IN SAUDI ARABIA -- In an age of lasers and computers, of guided missiles and smart bombs, the intimate tragedy of war perhaps seems most apparent when seen through the sights of a sniper's rifle.
"When a sniper pulls the trigger, he can see the expression on a man's face when the bullet hits," said Sgt. Mark E. Anderson, chief scout of the platoon of Marine snipers and scouts breaking camp and getting ready to move at dawn the next day to the front lines along the Kuwaiti border.
Hundreds, perhaps thousands, of allied troops have been moved north in similar fashion in the last few days, in what a ranking officer called a "shadow-boxing match" with Iraqi forces.
"Saddam Hussein knows where we are and we know where he is," said a battalion commander, who asked not to be further identified. "We will move a lot now to keep him off guard."
The grand strategy of battle meant little to Staff Sgt. Douglas A. Luebke, the noncommissioned chief of the platoon, and his men -- other than that for the first time, they will be called on to go into combat, to do the job many have trained years to carry out. They will crawl unseen within yards of enemy lines and, firing three shots from a fixed position, take out enemy soldiers one by one.
"It is the art of killing," Luebke said. "We have to be perfect."
The snipers said they were trying to avoid thinking of their Iraqi opponents as men with families and children. Several said the reputed mistreatment of American prisoners of war had steeled them for their task.
"The more Iraqis I kill, the less of my buddies get killed," said Lance Cpl. Marlan L. Reaves from Odessa, Texas.
Nearly all the Marines in the platoon come from the country, where they grew up with weapons. They talk about stalking an animal and a man in the same breath. Most are passionate trap and skeet shooters. Their sentences are punctuated by the squirt of chewing tobacco and the insertion of profanity as adjectives.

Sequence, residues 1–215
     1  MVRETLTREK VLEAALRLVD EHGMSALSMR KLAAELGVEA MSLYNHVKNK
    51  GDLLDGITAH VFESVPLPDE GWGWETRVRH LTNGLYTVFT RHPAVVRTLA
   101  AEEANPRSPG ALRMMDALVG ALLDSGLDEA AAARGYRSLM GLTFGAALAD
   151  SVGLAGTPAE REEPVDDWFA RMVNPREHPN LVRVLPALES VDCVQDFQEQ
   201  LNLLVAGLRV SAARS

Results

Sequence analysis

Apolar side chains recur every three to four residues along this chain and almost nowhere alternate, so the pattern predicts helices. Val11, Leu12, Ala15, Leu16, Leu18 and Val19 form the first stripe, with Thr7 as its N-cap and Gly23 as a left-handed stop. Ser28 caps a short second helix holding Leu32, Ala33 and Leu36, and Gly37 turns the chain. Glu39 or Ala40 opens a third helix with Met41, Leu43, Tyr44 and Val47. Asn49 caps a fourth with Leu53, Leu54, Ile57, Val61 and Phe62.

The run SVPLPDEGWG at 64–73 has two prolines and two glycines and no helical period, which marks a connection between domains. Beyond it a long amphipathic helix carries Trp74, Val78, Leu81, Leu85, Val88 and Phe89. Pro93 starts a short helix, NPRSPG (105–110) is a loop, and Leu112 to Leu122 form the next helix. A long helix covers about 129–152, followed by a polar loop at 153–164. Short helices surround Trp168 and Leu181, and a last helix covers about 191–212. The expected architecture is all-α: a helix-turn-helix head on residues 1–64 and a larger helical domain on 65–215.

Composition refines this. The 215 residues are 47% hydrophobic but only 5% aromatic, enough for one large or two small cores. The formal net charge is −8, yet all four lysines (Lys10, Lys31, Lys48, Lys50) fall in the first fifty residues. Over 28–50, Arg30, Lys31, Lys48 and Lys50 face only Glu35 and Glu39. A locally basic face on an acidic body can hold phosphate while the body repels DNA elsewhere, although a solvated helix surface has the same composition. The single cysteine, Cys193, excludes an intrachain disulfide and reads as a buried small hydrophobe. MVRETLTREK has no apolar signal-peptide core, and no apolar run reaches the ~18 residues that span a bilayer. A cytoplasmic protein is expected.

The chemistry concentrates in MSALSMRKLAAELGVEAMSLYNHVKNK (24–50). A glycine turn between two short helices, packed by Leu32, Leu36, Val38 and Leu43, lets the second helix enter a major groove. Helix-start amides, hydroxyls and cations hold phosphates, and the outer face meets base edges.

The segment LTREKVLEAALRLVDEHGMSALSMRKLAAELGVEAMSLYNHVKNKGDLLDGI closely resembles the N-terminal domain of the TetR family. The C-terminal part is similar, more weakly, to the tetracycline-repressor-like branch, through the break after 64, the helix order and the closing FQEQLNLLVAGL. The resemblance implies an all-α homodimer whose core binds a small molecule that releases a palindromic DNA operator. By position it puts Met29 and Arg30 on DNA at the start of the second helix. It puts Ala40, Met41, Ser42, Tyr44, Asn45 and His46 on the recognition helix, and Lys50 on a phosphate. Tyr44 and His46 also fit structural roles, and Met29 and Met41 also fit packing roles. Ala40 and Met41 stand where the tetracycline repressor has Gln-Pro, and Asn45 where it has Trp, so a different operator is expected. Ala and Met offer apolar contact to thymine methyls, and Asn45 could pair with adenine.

The work of forward scouts and snipers is usually done at night, when two-man teams creep slowly toward enemy lines, dressed in camel-colored camouflage smocks and wearing paint on their faces.
The scouts and snipers call in artillery and aerial fire and try to kill enemy soldiers who operate heavy weapons like machine guns or anti-aircraft weapons, usually at dawn or dusk.
There are a dozen snipers in the platoon and each moves with an observer who helps locate the target. The two-man teams will lie close to enemy lines, sometimes for a day or two at a time.
They carry M-40 A1 sniper rifles, which they set up on tripods, and precision 7.62-millimeter ammunition.
The Marine sniper rifle, painted steel gray, is simple in design. It has a heavy stock, a thick stainless steel barrel, a mounted telescopic sight and bolt action, rather than being semiautomatic. The simplicity of design, and durability, allows snipers to make all major repairs on the weapon themselves. The Marines wrap black electrical tape around their rifle barrels to keep them free from sand. They carry them in what they call a "drag bag," which hooks around their shoulders and can be pulled along the ground as they crawl forward to their positions.
The only book snipers all seem familiar with -- other than the Bible -- is "Ninety-Three Confirmed Kills," an account of life as a Marine sniper in the Vietnam War by Carlos Hathcock.
"You can't get into this sniper unit if you haven't read it," said Barrett, who has been a Marine sniper for six years.
The bonding of the unit, which will act as the eyes and ears of the battalion from forward positions, is tight. Platoon members are disdainful even of fellow Marines, who in turn chafe at the snipers' arrogance.
Anderson, when he heard he was to be transferred as a drill instructor rather than be sent to the gulf, pleaded with his superiors to get an extension to go to war, even though he leaves behind a pregnant wife.
"I didn't want them to go to war without me," he said. "I had a responsibility to be here. The easy way out would have been to go to the drill field.
"This is my second family."